This article was first published by New Europe.
In her recent State of Union President Von der Leyen stated that “the people of Belarus are not pieces on someone else’s chess board”, in reference to the role of Russia in Europe’s eastern neighbourhood. That could equally apply to Georgia.
Georgia has long been rightfully viewed as an attractive and increasingly open place to do business. Even during the Russian invasion in 2008, the country appeared to be firmly taking steps towards a market-oriented and democratic future. It was gradually aligning with Western markets and Foreign Direct Investment (FDI) was booming.
The future looked bright with a focus on rule of law, free markets and liberal democracy, despite the ongoing occupation.
Yet, over the last few years, progress has stalled. FDI has dropped by nearly a third since 2017, but there is a clear explanation – recent continual government actions which appear to threaten investor protections and circumvent the rule of law. This is a slippery slope that will have repercussions not only on the economy but also risks reversing many of its human development gains in the last
few years. There are concerns too that the shift in government behaviour could risk pulling the country away from the Euro-Atlantic family of nations.
Georgia recently spurned the opportunity to build the Eastern Black Sea’s first deep-water port in Anaklia, which would have challenged the dominance of Russian ports in the Black Sea. However, before the project could even get underway, foreign investors pulled out after the government withdrew its guarantees to underwrite their loans. The reasons for this, a seemingly counterproductive government decision, are unknown, but Russian disapproval is thought to be a motivation. As a result, Georgia missed the opportunity to build key strategic infrastructure which would have weakened Russia’s regional influence.
More recently, the Georgian government has attempted to reverse the takeover of a major internet service provider. In 2019, Caucasus Online was bought by an Azeri firm. It was significant partly because Azerbaijan is the largest foreign investor in Georgia, and it gave an Azeri company ownership of the Georgian section of a wider digital infrastructure project to build a fiber-optic cable connecting Asia and Europe.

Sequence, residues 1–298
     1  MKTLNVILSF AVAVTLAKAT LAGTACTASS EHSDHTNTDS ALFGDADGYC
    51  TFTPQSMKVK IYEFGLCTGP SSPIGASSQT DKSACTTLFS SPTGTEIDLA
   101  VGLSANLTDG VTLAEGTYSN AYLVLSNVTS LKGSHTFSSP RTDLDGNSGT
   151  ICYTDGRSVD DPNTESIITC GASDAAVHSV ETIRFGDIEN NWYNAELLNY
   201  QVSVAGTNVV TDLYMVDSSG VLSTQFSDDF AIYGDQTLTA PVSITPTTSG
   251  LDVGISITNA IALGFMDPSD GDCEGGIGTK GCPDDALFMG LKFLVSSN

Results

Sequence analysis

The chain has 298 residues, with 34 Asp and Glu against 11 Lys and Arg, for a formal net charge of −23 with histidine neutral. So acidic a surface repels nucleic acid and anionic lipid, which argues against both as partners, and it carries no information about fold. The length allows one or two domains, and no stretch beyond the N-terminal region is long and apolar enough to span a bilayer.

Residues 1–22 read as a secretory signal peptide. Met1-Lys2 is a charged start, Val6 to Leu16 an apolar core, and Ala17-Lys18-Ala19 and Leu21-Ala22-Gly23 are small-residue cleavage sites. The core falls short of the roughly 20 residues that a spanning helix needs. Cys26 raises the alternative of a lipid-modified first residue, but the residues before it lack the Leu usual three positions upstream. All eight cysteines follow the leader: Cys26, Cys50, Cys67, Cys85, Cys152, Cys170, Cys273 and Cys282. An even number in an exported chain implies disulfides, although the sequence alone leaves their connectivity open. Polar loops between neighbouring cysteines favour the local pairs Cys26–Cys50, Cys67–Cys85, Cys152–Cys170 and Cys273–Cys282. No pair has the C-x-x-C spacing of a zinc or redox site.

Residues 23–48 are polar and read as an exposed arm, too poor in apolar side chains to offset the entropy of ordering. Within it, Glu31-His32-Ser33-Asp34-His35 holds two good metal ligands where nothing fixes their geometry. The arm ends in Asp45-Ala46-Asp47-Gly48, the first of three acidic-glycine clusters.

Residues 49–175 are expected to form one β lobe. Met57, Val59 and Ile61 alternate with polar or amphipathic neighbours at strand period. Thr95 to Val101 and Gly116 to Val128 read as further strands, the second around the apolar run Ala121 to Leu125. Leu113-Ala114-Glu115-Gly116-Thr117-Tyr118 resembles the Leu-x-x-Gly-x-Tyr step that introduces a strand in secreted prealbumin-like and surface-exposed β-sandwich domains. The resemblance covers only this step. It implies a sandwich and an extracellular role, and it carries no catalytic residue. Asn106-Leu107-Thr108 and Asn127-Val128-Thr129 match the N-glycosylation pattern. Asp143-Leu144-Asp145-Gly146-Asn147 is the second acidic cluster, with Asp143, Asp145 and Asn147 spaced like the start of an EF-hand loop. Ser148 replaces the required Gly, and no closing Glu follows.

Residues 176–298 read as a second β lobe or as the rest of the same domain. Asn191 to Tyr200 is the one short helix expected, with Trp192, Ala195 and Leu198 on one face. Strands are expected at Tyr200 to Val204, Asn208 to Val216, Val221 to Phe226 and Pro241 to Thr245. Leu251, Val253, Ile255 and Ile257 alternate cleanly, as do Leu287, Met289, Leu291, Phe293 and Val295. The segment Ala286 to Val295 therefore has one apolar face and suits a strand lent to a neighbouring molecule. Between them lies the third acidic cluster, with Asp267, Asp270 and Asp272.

The project would make Georgia and Azerbaijan the hub of a wider digital regional hub and provide fast internet access for 1.8 billion people. Its significance is felt far beyond the Caucuses, with the EU taking a keen interest as the route through Georgia is the only one that would avoid the cables, and the data it carries, going through Russia or Iran.
Despite having full knowledge of the deal, the government tried to overturn it almost immediately after the sale, rushing through changes to the law in late-night Parliamentary sessions to give their regulator unprecedented powers, including to appoint administrators which can dispose of the assets and staff of private companies at will.
In this specific case, however, the investment into Georgia risks effectively-being expropriated by the government, with the entire fiber-optic pipeline project also now under threat.
This type of approach significantly undermines attempts to attract foreign investment. Investments follow robust legal systems and when the rule of law is threatened, it leads not only to corruption, but is also one of the most market-distorting, non-tariff barriers to trade. It starves a country of investment, rewards crony officials and rips off local consumers, whilst also leaving the country open to seeing the same thing happen to its investments in other countries. The tragedy of it is that it is entirely self-inflicted.
Georgians go to the polls in October. In such an environment, can the international community be confident that the election will be free and fair? Especially if other telecoms companies and internet service providers potentially face the same threat? These questions are now starting to be asked in Brussels.
All this has the potential to shake Western confidence in Georgia and give the impression that the country may be slipping away from international norms. The US, for instance, recently withheld 15% of its aid and decided to send an election observation mission to the country as are the OSCE/ODIHR.
Georgia risks developing an unwanted reputation of being a place where both the rule of law and investment protection are under threat. For a country in a key strategic position between the EU and Asia, and which is still partly occupied by Russia, to see its domestic politics mimicking those of its occupier is of significant concern.
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